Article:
The Wanderer: Night at the Waterloo

words by Holly Brown, photos Ryan Whipple

The night was cool, autumnal. Just after 7, it was already dark and drizzling, fallen leaves whipping around in the sudden gusts of wind. It was October in everything.

“Did you look at the menu at all?” I asked Ryan on our way to John Bahas’ Waterloo Restaurant. My mind already scanning the token comfort food items that I anticipated ordering. If there’s one thing I’ve learned from over a year of eating and writing, it’s to come prepared, lest I spend an hour or more trying to decide between dishes.

“Alright, it’s coming up on your left,” Ryan said peering out into the rainy darkness in between glances at Google maps.

“I think that’s it right there?”

“Oh, the place with the giant ‘W,’ no way…” Ryan trailed off sarcastically.

The bright blue W of the Waterloo illuminated the parking lot, making it feel much later than it actually was. With the combination of the rain, the darkness coming on exponentially earlier each night, and the slight chill, it could have been 2 a.m. and I would have believed it.

We walked through the entryway gift shop displaying greeting cards with cats and dogs for all occasions and glass cases of fashion jewelry.

“Just the two of you?” the hostess asked from behind the counter, “Would you like a booth or a table?”

“A booth would be great” I answered after exchanging agreeing eyebrow raises with Ryan.

Sauerkraut balls

The hostess led us to a large booth in the back. Ryan and I each stretched out on the deep red vinyl, surveying the seemingly art deco inspired overhead lamp, the faux stone counter tops extended along the back wall between us and the window facing the parking lot.

“I feel like I’m in an indie movie” Ryan remarked and I didn’t disagree. The atmosphere felt charged. As we each sipped from monstrous glasses of diet coke, I couldn’t help feeling like this was the kind of place for a “meeting,” the kind of place where important information is exchanged. It’s hard to put my finger on why, exactly.  

Perhaps it was the general diner style atmosphere, perhaps it was the night itself. Though, if I had to guess, it has to do with the fact that there is history here. Like so many Akron gems, The Waterloo has been around for over fifty years, and you can see that in its timelessness.

“I feel like we can’t not get sauerkraut balls here,” I said. Making more of a demand than a statement. Lucky for me, Ryan is typically obliging of my appetizer choices.

“Let’s do it.”

Though I had come in that night almost certain I would be ordering breakfast for dinner (another perk of the Waterloo is that they serve breakfast all day) by the time we sat down, I was starting to change my mind.

“Are you guys ready to order?”

“…yeeeeah…” I slowed, almost certain in my dinner choice but still wondering if a game time decision would spring out of me, “We’re going to get an order of sauerkraut balls, and then I’m going to have…the…herb chicken pasta”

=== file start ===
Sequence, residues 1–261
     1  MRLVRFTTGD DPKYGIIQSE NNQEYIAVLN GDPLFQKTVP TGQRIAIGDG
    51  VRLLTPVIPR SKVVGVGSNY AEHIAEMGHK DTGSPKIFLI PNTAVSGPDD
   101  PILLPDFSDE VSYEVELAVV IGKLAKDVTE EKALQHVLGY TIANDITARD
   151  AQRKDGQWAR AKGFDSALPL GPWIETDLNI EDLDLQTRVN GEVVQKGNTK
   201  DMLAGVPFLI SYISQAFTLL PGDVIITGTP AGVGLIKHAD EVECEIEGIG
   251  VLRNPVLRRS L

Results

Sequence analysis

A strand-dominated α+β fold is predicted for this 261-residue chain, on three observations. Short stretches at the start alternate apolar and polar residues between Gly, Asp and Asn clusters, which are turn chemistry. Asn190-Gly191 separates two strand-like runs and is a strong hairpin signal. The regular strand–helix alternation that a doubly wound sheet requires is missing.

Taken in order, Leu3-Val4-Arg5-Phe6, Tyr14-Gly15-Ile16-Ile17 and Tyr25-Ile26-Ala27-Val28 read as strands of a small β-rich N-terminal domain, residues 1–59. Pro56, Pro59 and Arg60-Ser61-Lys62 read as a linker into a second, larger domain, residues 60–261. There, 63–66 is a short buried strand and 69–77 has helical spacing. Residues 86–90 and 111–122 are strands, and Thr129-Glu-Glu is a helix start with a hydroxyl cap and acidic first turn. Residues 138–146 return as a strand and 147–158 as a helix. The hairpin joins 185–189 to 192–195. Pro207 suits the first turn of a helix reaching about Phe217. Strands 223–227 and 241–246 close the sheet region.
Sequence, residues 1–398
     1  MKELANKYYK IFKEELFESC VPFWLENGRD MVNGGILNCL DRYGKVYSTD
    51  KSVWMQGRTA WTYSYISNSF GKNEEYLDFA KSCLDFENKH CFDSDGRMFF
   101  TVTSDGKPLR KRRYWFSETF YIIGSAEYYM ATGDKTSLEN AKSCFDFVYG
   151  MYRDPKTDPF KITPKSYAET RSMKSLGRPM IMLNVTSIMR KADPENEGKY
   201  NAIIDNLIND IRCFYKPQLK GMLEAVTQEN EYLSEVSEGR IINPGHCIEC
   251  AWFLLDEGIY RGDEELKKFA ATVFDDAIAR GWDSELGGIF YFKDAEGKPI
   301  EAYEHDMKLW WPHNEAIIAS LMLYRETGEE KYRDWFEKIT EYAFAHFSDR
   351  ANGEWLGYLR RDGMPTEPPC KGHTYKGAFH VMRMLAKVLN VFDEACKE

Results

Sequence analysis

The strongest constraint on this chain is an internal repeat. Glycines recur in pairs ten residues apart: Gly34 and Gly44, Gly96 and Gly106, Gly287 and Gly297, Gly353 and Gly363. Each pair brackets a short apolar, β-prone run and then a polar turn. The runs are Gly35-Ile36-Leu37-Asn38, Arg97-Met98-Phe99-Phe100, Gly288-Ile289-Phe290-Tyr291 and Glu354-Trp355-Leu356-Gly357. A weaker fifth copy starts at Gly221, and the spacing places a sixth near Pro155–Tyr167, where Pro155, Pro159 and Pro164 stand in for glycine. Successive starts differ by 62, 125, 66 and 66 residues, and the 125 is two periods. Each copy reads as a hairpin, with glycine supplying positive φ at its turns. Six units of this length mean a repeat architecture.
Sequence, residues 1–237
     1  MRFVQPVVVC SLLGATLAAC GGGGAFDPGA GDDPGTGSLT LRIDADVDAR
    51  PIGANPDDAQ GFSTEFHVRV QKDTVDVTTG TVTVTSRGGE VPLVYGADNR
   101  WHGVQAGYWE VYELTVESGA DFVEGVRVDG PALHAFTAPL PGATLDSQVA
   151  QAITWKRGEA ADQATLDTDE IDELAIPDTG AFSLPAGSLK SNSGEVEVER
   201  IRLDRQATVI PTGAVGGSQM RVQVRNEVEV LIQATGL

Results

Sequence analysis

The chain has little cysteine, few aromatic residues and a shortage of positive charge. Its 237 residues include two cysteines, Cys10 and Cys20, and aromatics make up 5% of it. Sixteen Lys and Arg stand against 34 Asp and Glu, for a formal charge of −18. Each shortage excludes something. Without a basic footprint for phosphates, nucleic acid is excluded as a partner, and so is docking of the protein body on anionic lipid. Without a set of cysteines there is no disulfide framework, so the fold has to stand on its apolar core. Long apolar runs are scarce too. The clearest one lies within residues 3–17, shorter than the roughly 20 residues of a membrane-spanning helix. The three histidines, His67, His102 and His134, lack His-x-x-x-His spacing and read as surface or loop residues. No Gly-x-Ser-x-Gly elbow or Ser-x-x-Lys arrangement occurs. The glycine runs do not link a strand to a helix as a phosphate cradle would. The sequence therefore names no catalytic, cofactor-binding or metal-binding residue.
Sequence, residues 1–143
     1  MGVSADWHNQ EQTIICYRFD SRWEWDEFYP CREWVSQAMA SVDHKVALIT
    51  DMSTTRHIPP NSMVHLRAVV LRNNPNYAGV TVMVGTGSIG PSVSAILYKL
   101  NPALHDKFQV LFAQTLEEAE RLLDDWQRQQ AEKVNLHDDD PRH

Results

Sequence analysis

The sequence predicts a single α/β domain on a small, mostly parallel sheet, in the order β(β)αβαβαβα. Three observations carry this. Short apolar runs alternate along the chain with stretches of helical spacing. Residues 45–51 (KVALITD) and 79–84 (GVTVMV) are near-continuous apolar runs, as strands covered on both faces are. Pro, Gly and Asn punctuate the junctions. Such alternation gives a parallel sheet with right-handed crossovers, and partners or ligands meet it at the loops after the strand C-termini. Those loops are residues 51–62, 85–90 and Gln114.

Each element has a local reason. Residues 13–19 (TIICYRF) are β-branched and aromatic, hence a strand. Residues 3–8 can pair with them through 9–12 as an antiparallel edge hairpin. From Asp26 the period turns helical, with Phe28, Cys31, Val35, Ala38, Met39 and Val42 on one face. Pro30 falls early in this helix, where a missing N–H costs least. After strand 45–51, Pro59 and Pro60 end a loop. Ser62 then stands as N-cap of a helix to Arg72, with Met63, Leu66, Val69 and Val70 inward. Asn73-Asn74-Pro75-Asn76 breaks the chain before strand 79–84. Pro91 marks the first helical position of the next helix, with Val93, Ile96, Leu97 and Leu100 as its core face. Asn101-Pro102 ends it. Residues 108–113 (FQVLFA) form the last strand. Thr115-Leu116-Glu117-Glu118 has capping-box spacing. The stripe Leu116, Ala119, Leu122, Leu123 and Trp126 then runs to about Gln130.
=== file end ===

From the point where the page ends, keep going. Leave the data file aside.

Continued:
Ryan looked across the table approvingly. He had suggested I get the herb chicken over the chicken parmesan. He ordered the Italiano: Cincinnati chili topped with parmesan, mozzarella, and peperoni.

“Sweet Jesus, did you see that waffle!? Maybe we should have gotten breakfast. That thing was Leslie Knope level, a mountain of whipped cream!” Ryan’s eyes widened as he described the waffle that had passed behind me.

When the sauerkraut balls arrived, I knew I had made the right decision. Those tiny golden nuggets are always a welcome site. My first bite was sheer ecstasy. The fried coating just crispy enough, but easily giving way to collapse once I bit in. The inside was a complete amalgamation. I didn’t know where sauerkraut ended and meat began or what it was that held them together so damn well, but I didn’t even care. They were densely packet, so salty that they melted in your mouth. Served with a side of cocktail sauce, they are arguably some of the best sauerkraut balls I’ve had. (Full disclosure: while writing this description, I went to the fridge and ate one of the cold leftover balls; they’re still amazing cold).

Enjoying the Herb Chicken Pasta

I could smell my dinner the second it came within sight of our table. Herbed and breaded chicken atop a mass of angel hair pasta and drenched in a mushroom sauce, it took everything I had not to tear into that meal the second it was placed in front of me. Once I did, I realized it tasted just as good as it smelled. The fried chicken was exactly the kind of comfort food I wanted, familiar but with an edge thanks to the demi sauce. The mushrooms were earthy and hearty and the sauce itself was absolutely decadent. Rich, thick, warm and savory, the demi sauce absolutely made the dish.

The next time I visit the Waterloo, I’m going to try my best to order breakfast, but no guarantees I’ll be able to pass up the Herb Chicken Pasta.


John Bahas’ Waterloo Restaurant and Catering, 423 E Waterloo Rd, Sun-Thurs 7am – 11pm, Fri-Sat 7am – 1 am